Before the events of Snow White and the Huntsman, Ravenna (Charlize Theron) tried to coax the magic from her kinder sister Freya (Emily Blunt), without any luck. When the love of Freya’s life betrays her, her magical powers are revealed, and she sets out to make her own kingdom, training an army of child soldiers – or Huntsmen – two of whom are Eric (Chris Hemsworth) and his secret love Sara (Jessica Chastain). When things take a turn for the dark, Eric and Sara set out to stop Freya from gaining the ultimate evil power.
So there have been rumours of a sequel to Snow White and the Huntsman for many a moon, with Kristen Stewart first confirmed then unconfirmed to reprise her role – spoiler; Stewart is not among the cast of this film – and Frank Darabont signing on to direct the film, before passing the torch to first time director Cedric Nicolas-Troyan. Although The Huntsman: Winter’s War is billed as being a sequel, magic and mystery intervene to make sure we get the sequel that we were promised.
Chris Hemsworth reprises his role as Eric the Huntsman, and does OK with the role to a point, but a tonal shift halfway through the film seriously undermines the character. Charlize Theron also returns, and eschews her shouty performance from the first film, opting instead to whisper all of her lines in a sexy ‘evil’ way that is fine, but does nothing to develop any sense of character. Emily Blunt takes on the role of Freya the Evil Ice Queen and channels her inner Elsa in setting herself up in an ice palace, but follows Theron’s lead in the whispering stakes, and the script takes her character on a journey that is muddled and unsatisfying. Jessica Chastain struggles with a Scottish accent throughout the film, playing a warrior with a heart, and elsewhere, Nick Frost turns up as comic relief, joined by Sheridan Smith, Rob Brydon and Alexandra Roach; none of whom really get a chance to do anything of note.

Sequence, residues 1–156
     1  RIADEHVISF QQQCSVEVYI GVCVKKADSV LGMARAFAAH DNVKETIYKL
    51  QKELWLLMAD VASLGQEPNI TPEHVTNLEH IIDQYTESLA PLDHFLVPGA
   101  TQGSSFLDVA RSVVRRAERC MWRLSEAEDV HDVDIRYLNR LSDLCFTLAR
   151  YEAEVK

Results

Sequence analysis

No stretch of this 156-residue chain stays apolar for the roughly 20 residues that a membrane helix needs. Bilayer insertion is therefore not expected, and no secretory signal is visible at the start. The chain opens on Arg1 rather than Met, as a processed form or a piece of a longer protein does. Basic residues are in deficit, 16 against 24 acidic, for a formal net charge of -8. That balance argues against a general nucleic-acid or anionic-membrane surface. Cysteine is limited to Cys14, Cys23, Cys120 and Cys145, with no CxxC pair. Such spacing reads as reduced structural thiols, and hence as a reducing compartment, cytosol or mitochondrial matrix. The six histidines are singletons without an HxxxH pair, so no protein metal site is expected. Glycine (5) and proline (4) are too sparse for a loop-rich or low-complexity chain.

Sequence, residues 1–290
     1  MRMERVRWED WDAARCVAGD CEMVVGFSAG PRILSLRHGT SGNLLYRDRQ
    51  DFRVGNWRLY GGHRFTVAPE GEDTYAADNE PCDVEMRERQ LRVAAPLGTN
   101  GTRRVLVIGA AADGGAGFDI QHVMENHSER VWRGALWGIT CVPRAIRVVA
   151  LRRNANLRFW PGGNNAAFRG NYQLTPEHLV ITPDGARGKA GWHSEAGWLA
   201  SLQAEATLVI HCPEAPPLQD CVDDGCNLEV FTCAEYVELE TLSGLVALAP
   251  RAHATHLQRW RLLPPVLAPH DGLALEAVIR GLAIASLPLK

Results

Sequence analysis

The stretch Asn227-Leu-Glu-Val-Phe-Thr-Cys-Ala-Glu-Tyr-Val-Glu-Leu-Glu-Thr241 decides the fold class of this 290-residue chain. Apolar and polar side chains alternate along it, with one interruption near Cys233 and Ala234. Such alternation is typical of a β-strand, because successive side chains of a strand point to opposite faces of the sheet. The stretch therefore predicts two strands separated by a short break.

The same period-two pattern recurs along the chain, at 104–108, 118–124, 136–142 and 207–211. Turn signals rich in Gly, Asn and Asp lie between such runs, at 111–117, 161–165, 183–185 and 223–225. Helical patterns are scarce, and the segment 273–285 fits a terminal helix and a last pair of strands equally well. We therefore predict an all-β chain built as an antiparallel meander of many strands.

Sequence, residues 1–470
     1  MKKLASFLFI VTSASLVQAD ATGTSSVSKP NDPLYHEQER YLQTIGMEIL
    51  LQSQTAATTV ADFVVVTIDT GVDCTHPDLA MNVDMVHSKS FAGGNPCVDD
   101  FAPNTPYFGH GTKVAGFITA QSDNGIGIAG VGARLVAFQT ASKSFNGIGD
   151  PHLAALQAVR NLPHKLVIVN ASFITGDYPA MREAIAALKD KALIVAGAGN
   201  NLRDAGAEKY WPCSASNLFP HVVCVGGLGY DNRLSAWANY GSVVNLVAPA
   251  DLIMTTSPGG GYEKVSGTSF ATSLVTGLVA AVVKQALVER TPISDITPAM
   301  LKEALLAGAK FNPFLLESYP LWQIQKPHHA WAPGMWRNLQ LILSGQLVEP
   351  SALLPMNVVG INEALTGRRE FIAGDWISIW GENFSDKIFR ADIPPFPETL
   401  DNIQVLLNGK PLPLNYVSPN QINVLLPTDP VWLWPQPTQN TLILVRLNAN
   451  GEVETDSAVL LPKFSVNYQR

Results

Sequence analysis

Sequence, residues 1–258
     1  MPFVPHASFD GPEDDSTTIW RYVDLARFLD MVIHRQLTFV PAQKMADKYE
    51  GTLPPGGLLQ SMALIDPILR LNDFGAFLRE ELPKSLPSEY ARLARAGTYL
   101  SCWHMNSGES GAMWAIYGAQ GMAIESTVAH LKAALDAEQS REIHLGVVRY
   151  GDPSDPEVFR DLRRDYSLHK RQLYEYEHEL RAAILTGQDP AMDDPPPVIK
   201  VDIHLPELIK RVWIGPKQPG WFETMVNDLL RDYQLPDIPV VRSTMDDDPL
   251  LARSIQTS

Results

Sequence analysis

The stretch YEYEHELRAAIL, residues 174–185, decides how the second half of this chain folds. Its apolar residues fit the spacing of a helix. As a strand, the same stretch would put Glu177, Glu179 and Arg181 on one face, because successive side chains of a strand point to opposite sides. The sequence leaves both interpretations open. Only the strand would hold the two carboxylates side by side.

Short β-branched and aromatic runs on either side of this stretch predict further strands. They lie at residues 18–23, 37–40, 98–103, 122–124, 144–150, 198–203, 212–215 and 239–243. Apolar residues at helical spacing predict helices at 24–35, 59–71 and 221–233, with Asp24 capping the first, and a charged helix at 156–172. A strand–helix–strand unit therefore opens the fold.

Screenwriters Evan Spiliotopoulos and Craig Mazin try to carry on the film from the end of Snow White and the Huntsman, but they are in new territory here, and trying to introduce the ice queen into the story feels clunky and doesn’t always marry with the tone of the film. As well as this, adding in the elements of the original story means that the film is full of odd tonal shifts, and none of the characters are fleshed out enough to have us root for them.
In terms of direction, Cedric Nicolas-Troyan seems to equate evil with sexy whispering, meaning that two of Hollywood’s strongest actresses – Blunt and Theron – are reduced to playing characters that feel as though they have fallen out of a commercial for soft porn. As well as this, the accents in the film are a mess, the comedy poorly timed and, although the action is fast paced, it doesn’t get the audience’s heart rate up as we have no-one to root for. On the positive side, the costumes are simply glorious – particularly those of Blunt and Theron – but then this leaves Theron feeling as though she is back in her Dior ad campaign and Blunt sometimes struggles to act through the layers of jewellery she is saddled with.
In all, The Huntsman: Winter’s War struggles with many things; the film tries to be a prequel and a sequel, tries to be a drama fused with a comedy, tries to be an action film fused with a love story, and fails on all counts. The script is littered with terrible dialogue and this, combined with some dodgy accents, does the actors a disservice, leaving The Huntsman: Winter’s War a bloated, boring mess.